International Economics I

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International Economics I

The Ricardian Model Tomás Rodríguez Martínez

Universitat Pompeu Fabra and BGSE

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Introduction

In the neoclassical frameworks, there is trade when there iscomparative advantage.

Differences in factor endowments (capital, labor, land,...): ⇒ Heckscher-Ohlin model.

Technological differences across countries ⇒ The Ricardian model.

I e.g., Germany exports cars because it is much better at producing cars than most of the countries.

In the Ricardian model, a country’s comparative advantage depends on:

I the relative productivity of labor across industries

I the relative wage across countries

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Introduction

We will study how differences in productivity generate a specific pattern of trade.

The framework will have multiple goods.

Study in details where the gains from trade come from.

Useful to:

Understand how increase in the productivity of a country change its trade pattern.

Understand happens if more countries (e.g., China and India) open to trade.

How trade costs change which goods we export and import.

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Introduction

We will study the Ricardian model developed in Dornbusch, Fischer and Samuelson (1977).

The model is the backbone of more advanced Ricardian trade models such as Eaton and Kortum (2002).

The Eaton and Kortum (2002) is one of the most usedquantitative models to study trade with multiple country and multiple goods.

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Outline

1. The Ricardian Model

2. Eq. Properties and Gains from Trade 3. Transportation Costs

4. Empirical Evidence and Applications

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Setup

2 countries: home and foreign ()

Many goods: indexed by i = 1, ..., N , N large (→ ∞) 1 factor of production: labor (L and L):

I Mobile between sectors

I Immobile between countries

Technologies with constant returns to scale:

I Different across sectors

I Different across countries (source of comparative advantage) Same preferences in both countries.

Perfect competition.

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Technology

N goods (sectors) indexed by i = 1, 2, ..., N .

In Home, we need aLi units of L to produce one unit of good i:

Qi = Li

aLi: Q1 = L1

aL1, Q2 = L2

aL2, ..., QN = LN aLN

I Qi = units of i produced.

I Li = units of labor employed in sector i.

I 1/aLi = home labor productivity in sector i.

In foreign, we need aLi units of L to produce one unit of good i.

Qi = Li aLi

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Technology

Theresource constraint with many goods implies:

L = L1+ L2+ ... + LN = aL1Q1+ aL2Q2+ ... + aLNQN (1) Note that because of the linear production function the PPF is a straight line.

Example: 2 goods, L = aL1Q1+ aL2Q2: Q1 = L

aL1 −aL2

aL1Q2 (2)

The PPF has slope aaL2

L1.

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Technology and Relative Productivity

Suppose that Home and Foreign have different technologies: aLi 6= aLi for all goods i = 1, 2, ..., N .

home more productive in sector j if

aLj < aLj, i.e., aLj aLj > 1

We can compare two goods, i.e. home is relatively more productive in good 1 if:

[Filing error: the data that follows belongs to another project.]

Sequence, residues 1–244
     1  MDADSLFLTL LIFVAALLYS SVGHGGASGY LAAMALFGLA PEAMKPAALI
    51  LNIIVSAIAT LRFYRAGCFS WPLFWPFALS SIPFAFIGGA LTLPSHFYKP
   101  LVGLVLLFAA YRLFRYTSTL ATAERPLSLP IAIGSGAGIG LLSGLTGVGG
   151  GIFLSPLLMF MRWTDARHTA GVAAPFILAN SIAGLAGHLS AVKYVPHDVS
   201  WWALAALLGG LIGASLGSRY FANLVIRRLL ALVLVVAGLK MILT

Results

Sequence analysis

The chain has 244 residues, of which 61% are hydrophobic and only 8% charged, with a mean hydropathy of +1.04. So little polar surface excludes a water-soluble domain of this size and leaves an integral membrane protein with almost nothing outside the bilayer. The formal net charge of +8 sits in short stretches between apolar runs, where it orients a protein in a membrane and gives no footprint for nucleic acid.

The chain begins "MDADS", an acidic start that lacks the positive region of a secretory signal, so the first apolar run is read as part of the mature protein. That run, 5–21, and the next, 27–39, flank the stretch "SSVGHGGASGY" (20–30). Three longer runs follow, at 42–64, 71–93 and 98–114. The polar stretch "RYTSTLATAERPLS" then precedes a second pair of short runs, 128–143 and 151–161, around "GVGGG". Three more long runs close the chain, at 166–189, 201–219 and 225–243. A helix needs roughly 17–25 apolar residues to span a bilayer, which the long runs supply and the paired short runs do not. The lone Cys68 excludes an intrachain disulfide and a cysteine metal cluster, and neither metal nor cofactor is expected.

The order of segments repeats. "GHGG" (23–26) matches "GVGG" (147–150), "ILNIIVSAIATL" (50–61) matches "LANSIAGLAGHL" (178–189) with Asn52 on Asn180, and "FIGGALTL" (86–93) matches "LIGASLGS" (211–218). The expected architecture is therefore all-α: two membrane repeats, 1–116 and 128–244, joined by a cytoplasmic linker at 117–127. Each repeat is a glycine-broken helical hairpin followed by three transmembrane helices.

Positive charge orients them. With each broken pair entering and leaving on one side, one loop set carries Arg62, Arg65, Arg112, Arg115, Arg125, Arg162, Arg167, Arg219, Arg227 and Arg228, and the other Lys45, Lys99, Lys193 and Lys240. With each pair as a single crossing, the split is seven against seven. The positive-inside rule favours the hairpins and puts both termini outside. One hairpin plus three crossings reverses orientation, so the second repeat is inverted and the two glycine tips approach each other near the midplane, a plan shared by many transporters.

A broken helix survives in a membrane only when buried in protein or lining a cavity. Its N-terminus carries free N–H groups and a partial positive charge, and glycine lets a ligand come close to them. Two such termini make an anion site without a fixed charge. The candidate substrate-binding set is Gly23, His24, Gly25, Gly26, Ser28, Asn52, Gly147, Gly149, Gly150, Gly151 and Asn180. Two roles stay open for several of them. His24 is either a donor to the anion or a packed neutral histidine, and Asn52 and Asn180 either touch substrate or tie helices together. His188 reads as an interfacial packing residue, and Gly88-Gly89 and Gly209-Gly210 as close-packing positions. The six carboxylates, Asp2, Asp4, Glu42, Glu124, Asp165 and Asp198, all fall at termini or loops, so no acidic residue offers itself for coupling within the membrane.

aL1

aL1 > aL2 aL2

For convenience, order goods by decreasing home relative productivity aL1 aL2 aLN

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Relative Productivity: Graph

Draw in a graph the relative productivity line A(i) ≡ aLi/aLi.

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Comparative Advantage and Efficient Specialization

The problem of the firm for each i:

maxLi

πi = PiQi− wLi = piLi

ai − wLi. (3)

In perfect competition, optimality condition implies pi times M P Li has to equal marginal cost

Pi = aLi× w Pi = aLi× w with w = wage at home and w = wage at foreign.

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Comparative Advantage and Efficient Specialization

Who ends up producing good i? The country that sells it cheaper!

With free trade, the country that producer the good at a cheaper price “captures”

the market. Hence the international price of good i is

PiI = min{Pi, Pi} (4)

Home specializes in goods i with Pi < Pi

these are the sectors where home relative productivity is higher than relative wage Pi < Pi ⇐⇒ aLi

aLi

> w w

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Comparative Advantage and Efficient Specialization

For given relative wage w/w, there will be a marginal commodity z that aLz

aLz = w w Home produces all goods i = 1, 2, ...z

The foreign country produces all goods i = z + 1, z + 2, ...N aL1

aL1 > ... > aLz−1

aLz−1 > aLz aLz = w

w > aLz+1

aLz+1 > .... > aLN aLN

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Comparative Advantage and Efficient Specialization

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Comparative Advantage and Efficient Specialization

Note we can rewrite the problem in terms of relative prices, so we see the comparative advantage:

The autarky price of z − 1 relative to z + 1 is:

I in the home country

Pz−1/Pz+1= aLz−1/aLz+1

I in the foreign country

p = Pz−1 /Pz+1 = aLz−1/aLz+1 Since a

Lz−1

aLz−1 > a

Lz+1

aLz+1, we have PPz−1

z+1 > PPz−1

z+1!

Home has a comparative advantage in z − 1 and foreign has a comparative

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Comparative Advantage and Efficient Specialization

efficient specialization:

I a country produces the goods of its comparative advantage comparative advantage:

I the country’s relative productivity is high enough so to compensate its relative cost of labor

comparative vs absolute advantage:

I a country doesn’t need to have higher labor productivity (absolute advantage) to specialize in a good

F even if aLi> aLi, can have Pi< Pi provided that the relative wage is low enough (w/w< aLi/aLi< 1)

I absolute advantage may not be sufficient.

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Relative Wage and Efficient Specialization

If the relative wageincreases:

home specializes in the production of fewer goods (w/w ↑→ z ↓)